Hoffman: Everyone should stand up, look down, and see your feet! But we can’t expect people to walk from Table Mesa to Gunbarrel, say. So we need to start designing the city so it makes more sense to walk than to drive.
Morzel: I worked on the new pedestrian crossings with Tom Eldridge. We need to focus on the local: bike and pedestrian safety, access to buses, local grocery stores, small neighborhood retail.
Would you support regulations restricting plastic bag use in stores, or requiring a charge for them?
Hoffman: I wouldn’t support regulations, but we should encourage a charge for bags. The nickel charge on aluminum cans really helped reduce litter. It’s great to have all the young people engaged in this issue – they’re more engaged than the parents who drive them to the City Council meetings. We should remember, too, that there’s lots of plastic on the stuff inside the bags, so bags aren’t the only problem. This issue also takes time from some of the larger problems. Again, we’re trending in the right direction without regulations.
King: We’ve been on a zero-waste journey at our business since 2004. Eco-Cycle asked us to go with them to council to encourage action on the plastic bags, and we did it happily. I think the stores will welcome it, because not giving out bags cuts store costs.
Keenan: I’m going to digress here. I have a friend whose ill father stayed at Dan’s hotel for almost nothing when he was ill. Dan’s a great guy. He also knows complex financial instruments.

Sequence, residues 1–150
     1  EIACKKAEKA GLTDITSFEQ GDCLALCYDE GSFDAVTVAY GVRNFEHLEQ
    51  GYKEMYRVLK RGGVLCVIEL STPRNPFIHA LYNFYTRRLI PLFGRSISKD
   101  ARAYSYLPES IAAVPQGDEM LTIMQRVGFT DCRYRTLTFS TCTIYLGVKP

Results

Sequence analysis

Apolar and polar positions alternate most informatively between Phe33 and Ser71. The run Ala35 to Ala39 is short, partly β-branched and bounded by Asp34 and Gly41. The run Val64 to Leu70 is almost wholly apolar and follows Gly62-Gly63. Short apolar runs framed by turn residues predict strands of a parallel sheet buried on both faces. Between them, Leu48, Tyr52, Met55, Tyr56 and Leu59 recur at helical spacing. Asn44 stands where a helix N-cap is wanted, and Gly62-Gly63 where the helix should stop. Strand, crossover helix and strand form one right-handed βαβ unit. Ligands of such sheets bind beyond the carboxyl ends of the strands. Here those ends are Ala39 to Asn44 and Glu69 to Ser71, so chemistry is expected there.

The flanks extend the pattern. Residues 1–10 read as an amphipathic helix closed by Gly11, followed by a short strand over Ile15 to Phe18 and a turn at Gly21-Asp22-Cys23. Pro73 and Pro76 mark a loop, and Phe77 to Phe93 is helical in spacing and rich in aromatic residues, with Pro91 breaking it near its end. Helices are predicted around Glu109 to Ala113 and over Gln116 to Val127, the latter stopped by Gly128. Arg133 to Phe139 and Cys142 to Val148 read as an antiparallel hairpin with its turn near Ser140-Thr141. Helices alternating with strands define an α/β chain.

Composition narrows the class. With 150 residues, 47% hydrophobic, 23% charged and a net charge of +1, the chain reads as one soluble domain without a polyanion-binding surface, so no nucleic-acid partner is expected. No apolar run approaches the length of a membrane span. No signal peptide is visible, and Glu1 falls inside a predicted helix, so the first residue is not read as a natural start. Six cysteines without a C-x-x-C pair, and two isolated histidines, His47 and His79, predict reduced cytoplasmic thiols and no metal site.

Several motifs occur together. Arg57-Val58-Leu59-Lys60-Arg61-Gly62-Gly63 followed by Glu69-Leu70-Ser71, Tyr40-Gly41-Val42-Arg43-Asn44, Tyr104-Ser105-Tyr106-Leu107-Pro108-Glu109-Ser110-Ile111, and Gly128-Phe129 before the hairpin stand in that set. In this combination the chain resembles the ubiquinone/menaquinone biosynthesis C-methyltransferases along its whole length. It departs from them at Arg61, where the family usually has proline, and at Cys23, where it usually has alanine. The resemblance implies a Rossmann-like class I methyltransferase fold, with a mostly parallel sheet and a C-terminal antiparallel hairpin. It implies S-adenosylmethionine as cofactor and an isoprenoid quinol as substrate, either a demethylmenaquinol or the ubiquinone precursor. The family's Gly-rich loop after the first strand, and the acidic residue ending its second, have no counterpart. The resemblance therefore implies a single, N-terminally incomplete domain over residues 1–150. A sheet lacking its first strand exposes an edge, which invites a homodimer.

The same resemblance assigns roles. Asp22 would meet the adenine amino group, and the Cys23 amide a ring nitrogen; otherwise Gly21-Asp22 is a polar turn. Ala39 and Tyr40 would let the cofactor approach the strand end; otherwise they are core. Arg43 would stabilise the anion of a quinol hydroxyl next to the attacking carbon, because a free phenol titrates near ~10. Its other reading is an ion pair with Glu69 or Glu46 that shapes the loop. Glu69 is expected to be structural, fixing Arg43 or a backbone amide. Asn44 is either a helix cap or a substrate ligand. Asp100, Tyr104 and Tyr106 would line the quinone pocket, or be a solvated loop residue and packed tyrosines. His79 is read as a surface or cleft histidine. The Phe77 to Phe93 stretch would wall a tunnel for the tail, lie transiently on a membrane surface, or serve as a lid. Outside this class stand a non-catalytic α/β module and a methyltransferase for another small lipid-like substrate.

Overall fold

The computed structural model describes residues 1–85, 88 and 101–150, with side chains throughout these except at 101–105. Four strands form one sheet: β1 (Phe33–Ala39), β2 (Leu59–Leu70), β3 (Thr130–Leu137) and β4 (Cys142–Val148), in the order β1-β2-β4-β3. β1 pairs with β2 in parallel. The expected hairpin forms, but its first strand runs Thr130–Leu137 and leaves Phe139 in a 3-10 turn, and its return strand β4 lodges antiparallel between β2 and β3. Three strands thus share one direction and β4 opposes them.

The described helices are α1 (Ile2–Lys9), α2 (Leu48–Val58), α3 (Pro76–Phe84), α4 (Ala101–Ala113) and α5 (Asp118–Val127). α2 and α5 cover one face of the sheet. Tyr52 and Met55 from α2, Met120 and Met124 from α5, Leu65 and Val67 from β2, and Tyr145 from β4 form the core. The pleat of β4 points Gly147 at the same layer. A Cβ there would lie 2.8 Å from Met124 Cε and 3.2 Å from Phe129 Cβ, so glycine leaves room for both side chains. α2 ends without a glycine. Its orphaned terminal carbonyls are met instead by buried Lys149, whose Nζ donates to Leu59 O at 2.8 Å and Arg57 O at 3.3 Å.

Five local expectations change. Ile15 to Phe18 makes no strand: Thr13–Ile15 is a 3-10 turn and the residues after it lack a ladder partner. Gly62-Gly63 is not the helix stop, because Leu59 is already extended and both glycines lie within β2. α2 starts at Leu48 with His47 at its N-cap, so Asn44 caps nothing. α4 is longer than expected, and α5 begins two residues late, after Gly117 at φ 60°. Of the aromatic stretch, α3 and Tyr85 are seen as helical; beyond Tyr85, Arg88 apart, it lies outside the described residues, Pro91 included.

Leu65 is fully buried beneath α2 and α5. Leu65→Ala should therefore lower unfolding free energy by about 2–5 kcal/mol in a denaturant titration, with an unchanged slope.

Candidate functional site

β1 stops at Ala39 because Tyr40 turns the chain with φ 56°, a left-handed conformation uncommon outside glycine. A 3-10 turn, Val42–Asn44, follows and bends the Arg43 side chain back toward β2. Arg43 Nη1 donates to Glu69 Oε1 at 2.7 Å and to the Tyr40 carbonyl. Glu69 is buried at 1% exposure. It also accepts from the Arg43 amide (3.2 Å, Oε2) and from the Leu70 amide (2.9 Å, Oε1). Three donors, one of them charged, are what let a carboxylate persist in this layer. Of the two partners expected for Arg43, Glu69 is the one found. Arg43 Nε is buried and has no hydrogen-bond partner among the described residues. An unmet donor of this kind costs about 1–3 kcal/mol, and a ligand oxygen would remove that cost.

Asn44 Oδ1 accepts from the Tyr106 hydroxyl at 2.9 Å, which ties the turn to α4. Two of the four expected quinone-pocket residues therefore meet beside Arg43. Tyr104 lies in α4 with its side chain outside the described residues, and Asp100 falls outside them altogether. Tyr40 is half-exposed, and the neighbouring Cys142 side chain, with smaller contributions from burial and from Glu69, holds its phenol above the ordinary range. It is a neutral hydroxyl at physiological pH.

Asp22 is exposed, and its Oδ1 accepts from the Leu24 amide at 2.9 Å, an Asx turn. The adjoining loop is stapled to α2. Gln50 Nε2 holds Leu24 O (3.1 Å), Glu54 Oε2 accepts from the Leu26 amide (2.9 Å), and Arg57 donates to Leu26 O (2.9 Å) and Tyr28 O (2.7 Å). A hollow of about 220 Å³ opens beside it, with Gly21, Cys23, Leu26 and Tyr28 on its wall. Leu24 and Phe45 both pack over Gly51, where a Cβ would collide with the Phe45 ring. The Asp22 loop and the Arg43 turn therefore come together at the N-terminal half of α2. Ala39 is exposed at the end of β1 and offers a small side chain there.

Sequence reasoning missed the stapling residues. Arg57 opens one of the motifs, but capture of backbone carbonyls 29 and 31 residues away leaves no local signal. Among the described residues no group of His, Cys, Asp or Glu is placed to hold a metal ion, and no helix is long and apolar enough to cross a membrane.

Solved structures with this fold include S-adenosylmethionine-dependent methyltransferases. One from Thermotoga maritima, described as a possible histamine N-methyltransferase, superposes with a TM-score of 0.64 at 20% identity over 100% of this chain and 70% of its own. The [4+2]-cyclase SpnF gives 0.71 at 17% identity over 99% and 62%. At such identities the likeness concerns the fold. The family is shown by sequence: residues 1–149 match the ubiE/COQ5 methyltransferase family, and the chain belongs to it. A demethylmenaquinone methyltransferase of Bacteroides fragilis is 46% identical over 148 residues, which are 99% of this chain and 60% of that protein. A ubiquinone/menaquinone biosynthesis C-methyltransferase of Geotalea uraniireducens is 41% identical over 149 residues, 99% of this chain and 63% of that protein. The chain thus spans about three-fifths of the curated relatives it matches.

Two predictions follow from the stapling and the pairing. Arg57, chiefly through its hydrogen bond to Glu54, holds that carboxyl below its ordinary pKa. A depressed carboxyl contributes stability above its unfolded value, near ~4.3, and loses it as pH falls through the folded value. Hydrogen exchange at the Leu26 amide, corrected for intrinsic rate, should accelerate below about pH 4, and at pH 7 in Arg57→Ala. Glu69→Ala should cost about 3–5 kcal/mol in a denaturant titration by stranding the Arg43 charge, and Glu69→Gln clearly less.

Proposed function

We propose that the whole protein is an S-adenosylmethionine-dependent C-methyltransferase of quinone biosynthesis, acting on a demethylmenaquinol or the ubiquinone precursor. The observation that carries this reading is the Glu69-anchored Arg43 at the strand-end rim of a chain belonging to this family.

Morzel: I produce less than five bags of trash per year – actually now I’m down to two. Everybody can do this. I favor a fee on bags: it’s getting the polluter to pay. We should also reduce Styrofoam in the waste stream. Remember, plastic is virgin oil.
What’s your stand on Ballot Issues 2B/2C?
Keenan: This is why I’m running. We could stay with Xcel month-to-month indefinitely, but if these pass it will force Xcel to come to the table to negotiate. But I don’t want to buy old poles and wires, because of the news coming out regarding magnetism and gravity. We should condemn the Valmont plant.
Hoffman: I’m still conflicted. I’ve looked at the city data, but I still have questions so I can’t commit. I’m worried about Boulder becoming energy isolationists, like the isolationists during World War II. Maybe it’s better to participate in the broader discussion? We should remember that our impact is tiny relative to all the coal plants China is building.